Lenola is located in the Ausoni Mountains a few kilometers from the coast, and it seems that its name comes from “Enula Campana”, a plant seen in the town’s coat of arms.
Of ancient origins, from 400 BC it was conquered by the Romans and given to Gens Emilia. At the highest point of the town identified as the Acropolis, was a pagan temple that then became a Christian site. Here Hannibal was stopped in 217 BC in the valley known as “valley of Hannibal”, where remains of his armour were found.
In 47 AD the town was subject to persecution of Decius from which began the story of the Madonna del Colle of Lenola. It was destroyed and sacked by the Goths, Lombards and Saracens.
After the Barbarians, the first written account comes from the second half of the eleventh century when it became property of Montecassino.
Lenola in 1138 was given to the family of Aquila. Involved in the struggles between the papacy and Frederick II, and in 1229 Lenola was occupied by the papal army and passed to Cajetani family.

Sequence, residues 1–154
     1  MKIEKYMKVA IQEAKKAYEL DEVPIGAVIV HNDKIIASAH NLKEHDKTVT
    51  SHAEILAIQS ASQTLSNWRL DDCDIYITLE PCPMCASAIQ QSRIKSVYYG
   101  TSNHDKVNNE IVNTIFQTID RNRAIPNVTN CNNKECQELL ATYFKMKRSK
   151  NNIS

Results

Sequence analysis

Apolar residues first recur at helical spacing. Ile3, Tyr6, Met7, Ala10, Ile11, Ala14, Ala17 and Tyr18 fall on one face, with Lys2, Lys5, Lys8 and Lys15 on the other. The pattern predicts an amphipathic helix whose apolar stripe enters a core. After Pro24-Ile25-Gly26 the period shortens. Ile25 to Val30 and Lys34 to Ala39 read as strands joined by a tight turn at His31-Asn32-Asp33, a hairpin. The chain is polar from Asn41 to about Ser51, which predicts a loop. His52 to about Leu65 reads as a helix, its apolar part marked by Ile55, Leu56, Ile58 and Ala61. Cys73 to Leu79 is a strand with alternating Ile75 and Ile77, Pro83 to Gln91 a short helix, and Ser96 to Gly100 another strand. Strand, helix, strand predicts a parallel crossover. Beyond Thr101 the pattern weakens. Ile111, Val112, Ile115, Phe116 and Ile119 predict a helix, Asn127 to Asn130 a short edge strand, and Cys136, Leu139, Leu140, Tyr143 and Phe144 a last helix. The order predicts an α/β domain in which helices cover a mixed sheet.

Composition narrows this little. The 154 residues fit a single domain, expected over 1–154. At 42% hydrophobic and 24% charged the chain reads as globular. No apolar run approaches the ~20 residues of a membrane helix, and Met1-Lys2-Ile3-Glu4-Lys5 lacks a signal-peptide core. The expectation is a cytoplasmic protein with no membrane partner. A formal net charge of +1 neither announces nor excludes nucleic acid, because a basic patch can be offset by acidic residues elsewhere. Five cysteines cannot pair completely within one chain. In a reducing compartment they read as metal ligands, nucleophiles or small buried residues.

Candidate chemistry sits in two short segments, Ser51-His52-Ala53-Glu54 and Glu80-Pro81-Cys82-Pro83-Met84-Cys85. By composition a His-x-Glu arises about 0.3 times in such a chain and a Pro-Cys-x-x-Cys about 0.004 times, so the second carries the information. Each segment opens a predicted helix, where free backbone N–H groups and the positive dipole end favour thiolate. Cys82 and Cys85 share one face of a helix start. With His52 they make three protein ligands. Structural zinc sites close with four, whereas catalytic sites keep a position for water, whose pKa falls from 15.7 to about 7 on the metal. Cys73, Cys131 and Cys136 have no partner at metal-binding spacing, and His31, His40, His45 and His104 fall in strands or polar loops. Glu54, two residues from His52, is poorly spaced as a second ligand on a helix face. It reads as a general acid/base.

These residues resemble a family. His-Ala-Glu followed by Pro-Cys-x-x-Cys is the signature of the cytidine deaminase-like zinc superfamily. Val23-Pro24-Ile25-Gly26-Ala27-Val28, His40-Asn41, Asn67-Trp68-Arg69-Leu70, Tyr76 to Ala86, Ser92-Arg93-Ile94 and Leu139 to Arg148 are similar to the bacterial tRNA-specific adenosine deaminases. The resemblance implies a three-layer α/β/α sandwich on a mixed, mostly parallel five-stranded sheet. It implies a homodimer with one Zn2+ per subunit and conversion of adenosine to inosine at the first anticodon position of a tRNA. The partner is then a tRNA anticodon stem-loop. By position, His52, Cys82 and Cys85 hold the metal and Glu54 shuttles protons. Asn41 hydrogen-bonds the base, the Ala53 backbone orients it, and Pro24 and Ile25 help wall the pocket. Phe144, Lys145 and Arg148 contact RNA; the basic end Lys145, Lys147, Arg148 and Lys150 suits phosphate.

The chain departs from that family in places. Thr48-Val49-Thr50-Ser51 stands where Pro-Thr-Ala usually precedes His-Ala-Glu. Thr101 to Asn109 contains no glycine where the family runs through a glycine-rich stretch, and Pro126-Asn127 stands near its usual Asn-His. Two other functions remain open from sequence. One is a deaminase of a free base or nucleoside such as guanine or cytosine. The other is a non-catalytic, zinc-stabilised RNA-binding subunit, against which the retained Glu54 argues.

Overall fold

It was involved in the Western Schism that in the Fondi conclave of 1378 led to the election of Clement VII after cancelling the papacy of Urban VI.
The position of Lenola, at the border between the Papal States and the kingdom of Naples, made it a natural target of all the papacy wars that took place in the fifteenth century.
In the night between 8 and 9 August 1534 the infamous pirate Kair-ed-din called “Barbarossa” assaulted Fondi and Lenola torching the rich Benedictine Monastery of San Martino. But in the end, the old Baron Manfred, placing himself at the head of most citizens, managed to defeat the North African pirates.
From the sixteenth century the chronicles speak of banditry typical of border areas. The phenomenon arose again after the unification of Italy when the bandits supported the policies of the Bourbon kings.